A page from Nathan Fowke’s sketchbook. www.nathanfowkes.blogspot.com
Nathan Fowkes is a renowned Los Angeles artist and teacher. Among many things he is known for being a masterful color stylist. All you have to do is see hislandscape sketches to know he is a master of color and his craft. Being a fan of his work I was eagerly awaiting his one day Color Concepts Workshop @ Los Angeles Academy of Figurative Art (LAAFA).
The 8 hour event was divided into 3 parts. First was lecture and slideshow. Next came a demo from the model where Nathan put into practice the topics of the lecture. Finally the students got their chance to paint from the model with Nathan’s guidance.
Nathan began the lecture and slideshow with personal stories and experiences. Relating how painting and sketching drives his illustration at Dreamworks Animation where Nathan does spectacular visual development work. The meat of the lecture consisted of color principals, concepts and color theory.
Obviously the lecture had tremedous value. My only gripe was that it was a bit long at 41/2 hours. As an artist eager to paint alongside Nathan, I wanted more painting time and would have liked to see a more condensed lecture. Considering the circumstance and the 1 day schedule, Nathan did an excellent job presenting the material.
For me, the most valuable thing I took away from the lecture was the importance of temperature (warmth or coolness) of a color. Nathan spent a lot of time on temperature and its emotional impact on the viewer. That in itself was priceless. Having laid a foundation it was time to put the concepts into practice and demo for the class.
For the demo, Nathan prepared a costumed model with dramatic, colorful, saturated theatrical lighting. A rich red spot light complemented by a bright green rim light.
The quiet before the storm. Nathan’s trademark watercolor setup.
For those who have ever wanted to see Nathan demo his process, it is a thing of beauty. Imagine a crescendo of fat sable brushes applying thick color with fearless and agressive strokes. Each stroke bold and precise. Wow! I had previously seen Nathan demo at a previous LAAFA workshop and I was still mesmerized.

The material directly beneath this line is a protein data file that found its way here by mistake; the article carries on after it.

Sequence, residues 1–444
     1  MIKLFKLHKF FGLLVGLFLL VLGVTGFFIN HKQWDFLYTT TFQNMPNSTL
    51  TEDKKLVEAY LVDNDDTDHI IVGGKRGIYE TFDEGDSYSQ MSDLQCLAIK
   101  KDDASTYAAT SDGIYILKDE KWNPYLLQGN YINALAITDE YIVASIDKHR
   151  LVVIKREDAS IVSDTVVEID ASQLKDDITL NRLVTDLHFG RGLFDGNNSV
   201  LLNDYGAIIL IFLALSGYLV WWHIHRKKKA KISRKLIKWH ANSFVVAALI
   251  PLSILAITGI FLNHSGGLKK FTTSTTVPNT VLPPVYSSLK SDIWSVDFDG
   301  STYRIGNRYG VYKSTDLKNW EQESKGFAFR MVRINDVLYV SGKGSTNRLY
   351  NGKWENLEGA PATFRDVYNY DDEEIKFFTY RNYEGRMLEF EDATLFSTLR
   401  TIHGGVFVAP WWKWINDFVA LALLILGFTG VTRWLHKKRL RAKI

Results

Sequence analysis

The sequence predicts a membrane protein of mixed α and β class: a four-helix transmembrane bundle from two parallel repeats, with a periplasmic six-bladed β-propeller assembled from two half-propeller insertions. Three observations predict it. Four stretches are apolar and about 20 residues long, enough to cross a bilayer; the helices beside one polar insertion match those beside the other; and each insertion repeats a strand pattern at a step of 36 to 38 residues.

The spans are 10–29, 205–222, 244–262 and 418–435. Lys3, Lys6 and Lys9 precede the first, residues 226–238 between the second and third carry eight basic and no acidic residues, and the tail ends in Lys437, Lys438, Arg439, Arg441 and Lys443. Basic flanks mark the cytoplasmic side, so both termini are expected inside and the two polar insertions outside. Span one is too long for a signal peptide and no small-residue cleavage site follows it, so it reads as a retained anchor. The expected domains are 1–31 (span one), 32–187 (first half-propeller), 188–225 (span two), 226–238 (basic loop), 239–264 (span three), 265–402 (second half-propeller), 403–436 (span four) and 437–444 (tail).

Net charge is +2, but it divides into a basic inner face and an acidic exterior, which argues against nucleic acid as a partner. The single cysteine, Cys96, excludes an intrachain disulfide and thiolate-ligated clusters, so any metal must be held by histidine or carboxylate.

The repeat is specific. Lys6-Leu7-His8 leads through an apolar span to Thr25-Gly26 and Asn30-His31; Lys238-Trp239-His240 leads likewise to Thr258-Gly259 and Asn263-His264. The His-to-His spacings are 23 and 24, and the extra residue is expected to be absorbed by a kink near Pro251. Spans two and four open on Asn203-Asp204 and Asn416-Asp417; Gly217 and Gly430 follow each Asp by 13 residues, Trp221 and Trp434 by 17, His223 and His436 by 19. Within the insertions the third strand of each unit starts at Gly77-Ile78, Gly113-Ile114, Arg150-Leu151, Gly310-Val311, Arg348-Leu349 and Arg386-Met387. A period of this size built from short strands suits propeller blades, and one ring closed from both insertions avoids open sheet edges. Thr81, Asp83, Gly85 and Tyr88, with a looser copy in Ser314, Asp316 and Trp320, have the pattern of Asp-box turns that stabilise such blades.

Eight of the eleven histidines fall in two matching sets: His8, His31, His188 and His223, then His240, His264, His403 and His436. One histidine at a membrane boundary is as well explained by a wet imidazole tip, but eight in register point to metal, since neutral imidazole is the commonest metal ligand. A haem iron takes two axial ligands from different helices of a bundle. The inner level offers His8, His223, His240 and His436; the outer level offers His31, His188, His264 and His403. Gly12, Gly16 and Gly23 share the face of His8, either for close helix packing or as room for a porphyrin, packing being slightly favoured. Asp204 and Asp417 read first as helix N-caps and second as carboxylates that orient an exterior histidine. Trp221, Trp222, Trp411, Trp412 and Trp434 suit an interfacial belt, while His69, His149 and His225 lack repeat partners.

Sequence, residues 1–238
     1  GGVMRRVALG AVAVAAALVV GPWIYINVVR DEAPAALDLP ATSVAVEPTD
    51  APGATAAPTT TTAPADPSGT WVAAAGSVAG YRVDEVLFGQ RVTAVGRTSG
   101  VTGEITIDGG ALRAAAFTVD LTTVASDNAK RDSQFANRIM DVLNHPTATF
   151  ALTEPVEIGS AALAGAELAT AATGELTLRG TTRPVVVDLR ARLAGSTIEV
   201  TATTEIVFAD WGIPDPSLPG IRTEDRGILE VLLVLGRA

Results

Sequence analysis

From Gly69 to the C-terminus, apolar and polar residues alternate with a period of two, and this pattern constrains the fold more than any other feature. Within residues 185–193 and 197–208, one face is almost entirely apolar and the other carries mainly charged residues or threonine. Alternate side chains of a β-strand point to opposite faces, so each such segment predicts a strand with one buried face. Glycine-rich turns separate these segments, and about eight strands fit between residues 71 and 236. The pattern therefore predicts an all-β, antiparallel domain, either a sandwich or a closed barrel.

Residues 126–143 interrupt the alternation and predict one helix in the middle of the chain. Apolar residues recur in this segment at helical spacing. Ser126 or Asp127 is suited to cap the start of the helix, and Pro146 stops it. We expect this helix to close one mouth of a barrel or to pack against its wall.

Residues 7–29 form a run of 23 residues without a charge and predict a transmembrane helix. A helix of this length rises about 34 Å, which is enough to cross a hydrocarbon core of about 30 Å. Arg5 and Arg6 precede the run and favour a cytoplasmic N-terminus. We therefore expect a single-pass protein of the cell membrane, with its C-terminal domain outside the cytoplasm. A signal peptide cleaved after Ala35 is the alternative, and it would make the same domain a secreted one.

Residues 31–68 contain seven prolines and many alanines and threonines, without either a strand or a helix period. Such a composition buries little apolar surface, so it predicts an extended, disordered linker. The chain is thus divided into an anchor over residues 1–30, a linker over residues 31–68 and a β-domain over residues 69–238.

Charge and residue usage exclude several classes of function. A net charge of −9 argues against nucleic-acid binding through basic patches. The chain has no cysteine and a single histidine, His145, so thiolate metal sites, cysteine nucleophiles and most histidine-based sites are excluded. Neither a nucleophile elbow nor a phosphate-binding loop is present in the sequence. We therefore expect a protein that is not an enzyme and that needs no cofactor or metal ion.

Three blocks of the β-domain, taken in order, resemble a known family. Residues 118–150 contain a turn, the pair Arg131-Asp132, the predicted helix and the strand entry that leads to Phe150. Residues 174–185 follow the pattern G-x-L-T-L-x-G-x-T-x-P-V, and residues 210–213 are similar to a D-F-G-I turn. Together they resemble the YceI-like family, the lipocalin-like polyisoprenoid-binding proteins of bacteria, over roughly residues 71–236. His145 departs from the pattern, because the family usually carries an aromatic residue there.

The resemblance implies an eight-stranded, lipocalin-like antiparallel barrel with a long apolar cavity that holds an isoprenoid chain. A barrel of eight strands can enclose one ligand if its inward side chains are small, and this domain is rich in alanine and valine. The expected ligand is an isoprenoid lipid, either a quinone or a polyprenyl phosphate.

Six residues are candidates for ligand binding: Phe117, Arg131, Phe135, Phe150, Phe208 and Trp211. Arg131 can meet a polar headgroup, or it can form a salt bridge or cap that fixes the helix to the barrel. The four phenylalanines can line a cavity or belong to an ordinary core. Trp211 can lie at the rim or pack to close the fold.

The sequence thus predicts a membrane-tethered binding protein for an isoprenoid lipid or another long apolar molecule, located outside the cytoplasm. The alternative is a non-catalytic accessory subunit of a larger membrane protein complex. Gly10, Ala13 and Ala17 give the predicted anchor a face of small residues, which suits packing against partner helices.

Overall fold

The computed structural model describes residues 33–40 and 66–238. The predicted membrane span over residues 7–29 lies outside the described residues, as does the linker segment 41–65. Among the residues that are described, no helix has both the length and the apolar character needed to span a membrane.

A master at work. A thing of beauty. I could of watched him all day.
The first half of the demo consisted of a color exercise where Nathan harmonized two opposing colors. The goal of the exercise was to work a interesting and powerful color harmony out of 2 seemingly unrelated colors. He worked small, quickly and very abstract with his trademark bold marks. After completing 2 small studies Nathan moved on to the model.
Again working small and relatively abstract. Nathan began to apply his color concepts. Now the challenge was not only to compose an interesting figure but to relate a red and green light being shone on a living, breathing form. Watching someone with that much experience makes it look so easy. I came away with a feeling of, “hey, I can do that”.
The studies on the left are color exercises. The right is the final demo from the model. Approx. 1 hour to finish.
After the demo the class excited for the final session of painting from the model. There were 2 models with 2 different scenarious set up. I chose the original model from Nathan’s demo.
My humble little watercolor setup.
As with his demo, he had the class spend the first hour doing the harmonizing exercising. Working small, loose and abstract. Admittedly, I was bored at first, but then the wheels in my brain started turning. The relationships between colors change so dramatically as I painted. It became a compelling exercise and proved to valuable when painting from the model.
The last 2 hours was dedicated to painting the model. Nathan gave a lot of feedback to students while we were painting. At the end of the final session, Nathan thanked the group and gave some final thoughts. Even after class, he was also very generous with his time in answering questions and giving feedback and critique. That’s one thing I appreciate about him is his eagerness to share and help students. Of course, I took full advantage and was able to spend some time Nathan and get feedback on my own work. Thanks Nathan.
Overall, the workshop was an excellent experience. The lecture was interesting and the material was extremely valuable. Even though it felt a bit long, Nathan presented the material well. The demo was valuable and exciting. Watching Nathan work was a tremendous learning experience. Finally, the painting session with Nathan’s guidance was fun and valuable.
Congratulations to LAAFA for another successful workshop and special thanks to Nathan for his time and generosity. LAAFA did another outstanding job organizing and hosting the event. Every workshop I’ve taken there has been fun and well organized. I always feel at home when I’m there. I am definitely looking forward to the next Fowkes workshop and the next visit to LAAFA.